Posts about entrepreneurship

Make the World Better

Three ways to make the world better. First, Kiva is lets you loan money directly to an entrepreneur of your choice. Kiva provides loans through partners (operating in the countries) to the entrepreneurs. Those partners do charge the entrepreneurs interest (to fund the operations of the lending partner). Kiva pays the principle back to you but does not pay interest. And if the entrepreneur defaults then you do not get your capital paid back (in other words you lose the money you loaned). See my post: Helping Capitalism Make the World Better (if you donate to Kiva I have a Curious Cat Kivan – comment to have you link added).

Second, donate using the widget displayed in this post: to William Kamkwamba who built his own windmill in Malawi to get electricity for his home. The donations go to help him with his education and engineering projects. He is a young student and engineer. I have donated $50, I would love to see readers donate – do so and send me a link to your personal blog or personal home page and I will update this post with a link (only to a site obviously associated with you – I reserve the right to link or not link to whoever I want). [the campaign is over so I removed the widget – $943 was raised, the goal was $2,000]. A recent post to his blog: My sisters and cousins with their first books:

Some well-wishers sent many children’s books that are written or take place in countries around Africa in addition to English and American classics such as Where the Wild Things Are. All the children in my neighborhood, most of whom are cousins or sisters share these new books.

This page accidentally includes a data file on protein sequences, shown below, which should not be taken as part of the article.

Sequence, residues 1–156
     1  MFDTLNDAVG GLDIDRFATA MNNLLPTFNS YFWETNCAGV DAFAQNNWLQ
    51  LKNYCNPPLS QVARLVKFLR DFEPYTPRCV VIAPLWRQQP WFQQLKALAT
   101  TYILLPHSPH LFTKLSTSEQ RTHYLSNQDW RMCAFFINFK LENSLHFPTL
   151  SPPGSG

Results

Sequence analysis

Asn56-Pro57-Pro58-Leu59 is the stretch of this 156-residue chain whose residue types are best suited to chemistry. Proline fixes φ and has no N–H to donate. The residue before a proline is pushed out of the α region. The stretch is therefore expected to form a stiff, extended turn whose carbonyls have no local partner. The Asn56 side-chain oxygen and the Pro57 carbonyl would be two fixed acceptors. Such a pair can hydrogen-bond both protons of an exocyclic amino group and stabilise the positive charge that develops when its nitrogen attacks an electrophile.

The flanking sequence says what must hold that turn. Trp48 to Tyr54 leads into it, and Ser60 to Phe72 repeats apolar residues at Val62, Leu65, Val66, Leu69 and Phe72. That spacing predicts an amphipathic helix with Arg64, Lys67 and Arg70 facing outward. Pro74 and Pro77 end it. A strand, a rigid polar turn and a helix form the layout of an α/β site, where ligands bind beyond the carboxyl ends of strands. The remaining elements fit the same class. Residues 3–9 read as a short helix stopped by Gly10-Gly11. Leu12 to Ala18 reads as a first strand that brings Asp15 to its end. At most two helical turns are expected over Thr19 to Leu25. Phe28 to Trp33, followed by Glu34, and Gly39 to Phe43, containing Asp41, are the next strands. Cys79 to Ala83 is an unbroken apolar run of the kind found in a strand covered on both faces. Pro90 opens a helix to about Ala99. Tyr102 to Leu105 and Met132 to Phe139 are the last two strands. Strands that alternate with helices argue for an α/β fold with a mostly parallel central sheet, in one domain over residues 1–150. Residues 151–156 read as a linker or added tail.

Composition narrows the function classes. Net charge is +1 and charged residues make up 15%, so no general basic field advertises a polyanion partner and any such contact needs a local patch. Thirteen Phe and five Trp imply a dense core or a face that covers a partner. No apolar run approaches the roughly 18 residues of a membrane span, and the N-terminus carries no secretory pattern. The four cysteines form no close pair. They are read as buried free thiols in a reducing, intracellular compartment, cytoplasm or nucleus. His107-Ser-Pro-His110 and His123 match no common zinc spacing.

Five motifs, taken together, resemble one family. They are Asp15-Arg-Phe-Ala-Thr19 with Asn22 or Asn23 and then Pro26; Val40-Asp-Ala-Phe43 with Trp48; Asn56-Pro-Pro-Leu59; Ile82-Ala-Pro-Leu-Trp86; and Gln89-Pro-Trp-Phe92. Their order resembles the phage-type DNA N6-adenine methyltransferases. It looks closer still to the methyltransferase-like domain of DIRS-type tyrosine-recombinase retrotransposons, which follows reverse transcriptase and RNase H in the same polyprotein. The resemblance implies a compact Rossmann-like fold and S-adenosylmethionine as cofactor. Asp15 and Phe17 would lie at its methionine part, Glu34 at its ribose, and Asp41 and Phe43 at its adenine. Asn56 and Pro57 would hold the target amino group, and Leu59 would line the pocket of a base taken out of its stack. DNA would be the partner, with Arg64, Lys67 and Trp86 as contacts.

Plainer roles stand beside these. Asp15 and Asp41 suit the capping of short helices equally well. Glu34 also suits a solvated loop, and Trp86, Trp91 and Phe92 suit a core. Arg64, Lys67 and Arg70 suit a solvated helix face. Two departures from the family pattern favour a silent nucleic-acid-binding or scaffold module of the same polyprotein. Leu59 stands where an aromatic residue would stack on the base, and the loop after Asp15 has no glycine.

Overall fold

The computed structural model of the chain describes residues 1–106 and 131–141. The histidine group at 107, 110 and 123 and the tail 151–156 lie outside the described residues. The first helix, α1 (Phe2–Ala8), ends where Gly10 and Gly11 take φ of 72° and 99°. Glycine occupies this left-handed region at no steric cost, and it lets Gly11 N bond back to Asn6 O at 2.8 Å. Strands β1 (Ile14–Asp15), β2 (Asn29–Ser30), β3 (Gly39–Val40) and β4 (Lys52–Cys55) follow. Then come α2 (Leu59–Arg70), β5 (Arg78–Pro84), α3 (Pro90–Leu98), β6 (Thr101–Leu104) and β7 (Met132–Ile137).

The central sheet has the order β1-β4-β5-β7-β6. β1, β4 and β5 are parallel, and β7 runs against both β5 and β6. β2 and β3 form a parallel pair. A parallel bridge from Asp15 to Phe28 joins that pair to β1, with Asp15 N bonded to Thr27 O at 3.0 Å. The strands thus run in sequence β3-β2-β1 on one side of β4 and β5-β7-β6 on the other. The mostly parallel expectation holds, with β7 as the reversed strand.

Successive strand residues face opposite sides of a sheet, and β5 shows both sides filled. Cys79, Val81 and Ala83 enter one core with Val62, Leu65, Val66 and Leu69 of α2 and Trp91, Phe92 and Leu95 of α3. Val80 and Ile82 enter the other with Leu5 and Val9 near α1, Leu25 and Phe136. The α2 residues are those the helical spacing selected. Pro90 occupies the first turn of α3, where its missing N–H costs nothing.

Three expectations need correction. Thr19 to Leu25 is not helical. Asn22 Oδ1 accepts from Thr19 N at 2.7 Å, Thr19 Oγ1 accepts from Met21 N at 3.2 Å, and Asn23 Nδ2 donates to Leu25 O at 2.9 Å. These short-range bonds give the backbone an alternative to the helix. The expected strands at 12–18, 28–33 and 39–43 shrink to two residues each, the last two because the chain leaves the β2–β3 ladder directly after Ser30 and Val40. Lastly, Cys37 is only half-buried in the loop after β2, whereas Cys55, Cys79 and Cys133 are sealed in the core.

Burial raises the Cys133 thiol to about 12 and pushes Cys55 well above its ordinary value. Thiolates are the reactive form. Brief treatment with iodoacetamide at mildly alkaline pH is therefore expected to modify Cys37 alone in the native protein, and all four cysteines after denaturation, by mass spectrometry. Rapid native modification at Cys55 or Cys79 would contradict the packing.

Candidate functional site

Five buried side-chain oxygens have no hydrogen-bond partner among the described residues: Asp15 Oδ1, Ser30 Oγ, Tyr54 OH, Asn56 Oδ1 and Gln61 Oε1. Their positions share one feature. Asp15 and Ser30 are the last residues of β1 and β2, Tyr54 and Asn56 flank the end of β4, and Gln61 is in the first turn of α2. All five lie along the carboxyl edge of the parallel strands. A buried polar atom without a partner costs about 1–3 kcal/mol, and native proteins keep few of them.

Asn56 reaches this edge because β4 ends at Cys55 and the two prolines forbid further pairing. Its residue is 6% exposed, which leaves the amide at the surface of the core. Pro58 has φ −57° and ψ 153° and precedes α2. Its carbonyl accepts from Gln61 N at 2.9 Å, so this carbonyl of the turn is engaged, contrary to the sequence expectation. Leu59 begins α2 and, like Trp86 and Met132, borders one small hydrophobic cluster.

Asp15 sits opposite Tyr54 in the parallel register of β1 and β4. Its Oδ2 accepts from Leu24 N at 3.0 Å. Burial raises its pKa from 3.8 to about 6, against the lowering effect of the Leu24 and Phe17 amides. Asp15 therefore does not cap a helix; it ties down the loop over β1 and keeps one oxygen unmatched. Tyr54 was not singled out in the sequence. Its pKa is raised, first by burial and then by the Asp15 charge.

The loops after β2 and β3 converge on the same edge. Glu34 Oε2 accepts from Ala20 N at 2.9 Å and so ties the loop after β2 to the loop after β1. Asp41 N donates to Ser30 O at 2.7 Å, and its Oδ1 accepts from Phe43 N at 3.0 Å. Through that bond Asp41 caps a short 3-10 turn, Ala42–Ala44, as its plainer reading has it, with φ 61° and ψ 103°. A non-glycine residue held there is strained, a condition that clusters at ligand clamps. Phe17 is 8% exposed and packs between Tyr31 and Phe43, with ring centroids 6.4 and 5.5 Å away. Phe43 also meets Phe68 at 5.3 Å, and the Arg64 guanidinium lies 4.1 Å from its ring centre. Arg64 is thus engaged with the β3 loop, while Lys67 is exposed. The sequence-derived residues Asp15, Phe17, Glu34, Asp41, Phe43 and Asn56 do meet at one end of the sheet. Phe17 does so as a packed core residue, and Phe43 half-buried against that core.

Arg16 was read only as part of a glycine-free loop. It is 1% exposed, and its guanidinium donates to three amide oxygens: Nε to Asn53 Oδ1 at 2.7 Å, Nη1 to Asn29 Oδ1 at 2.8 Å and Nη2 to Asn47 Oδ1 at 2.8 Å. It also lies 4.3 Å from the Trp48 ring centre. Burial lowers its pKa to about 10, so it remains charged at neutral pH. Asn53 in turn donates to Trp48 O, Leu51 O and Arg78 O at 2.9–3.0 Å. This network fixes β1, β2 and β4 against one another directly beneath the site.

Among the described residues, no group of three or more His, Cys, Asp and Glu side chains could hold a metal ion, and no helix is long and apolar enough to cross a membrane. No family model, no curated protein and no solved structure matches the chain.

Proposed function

Third, create a Kiva like setup for donations that could be used to provide a source for finding remarkable people that have plans for possible donated funds. The potential is huge.

Related: Children’s booksAppropriate TechnologyWhat Kids can LearnLesson on Life$100 Laptop UpdateMillennium Development Goals

Interview of Steve Wozniak

Excellent interview of Steve Wozniak from Founders at Work: Stories of Startups’ Early Days by Jessica Livingston, to be published in a few months.

I said, “No, I’m never going to leave Hewlett-Packard. It’s my job for life. It’s the best company because it’s so good to engineers.” It really treated us like we were a community and family, and everyone cared about everyone else. Engineers—bottom of the org chart people—could come up with the ideas that would be the next hot products for the company. Everything was open to thought, discussion and innovation. So I would never leave Hewlett-Packard. I was going to be an engineer for life there.

Sounds like Google today, see: How Google Works focused on engineering and Enginners at Google Make Decisions.
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The Future is Engineering

Do Great Engineering Schools Beget Entrepreneurism? by Brent Edwards provides two great links.

How to Kick Silicon Valley’s Butt by Guy Kawasaki:

Focus on educating engineers. The most important thing you can do is establish a world-class school of engineering. Engineering schools beget engineers. Engineers beget ideas. And ideas beget companies. End of discussion.

If I had to point to the single biggest reason for Silicon Valley’s existence, it would be Stanford University—specifically, the School of Engineering. Business schools are not of primary importance because MBAs seldom sit around discussing how to change the world with great products.

Why Startups Condense in America:

You need a great university to seed a silicon valley, and so far there are few outside the US. I asked a handful of American computer science professors which universities in Europe were most admired, and they all basically said “Cambridge” followed by a long pause while they tried to think of others. There don’t seem to be many universities elsewhere that compare with the best in America, at least in technology.

Both essays make many excellent points – read them! Continue reading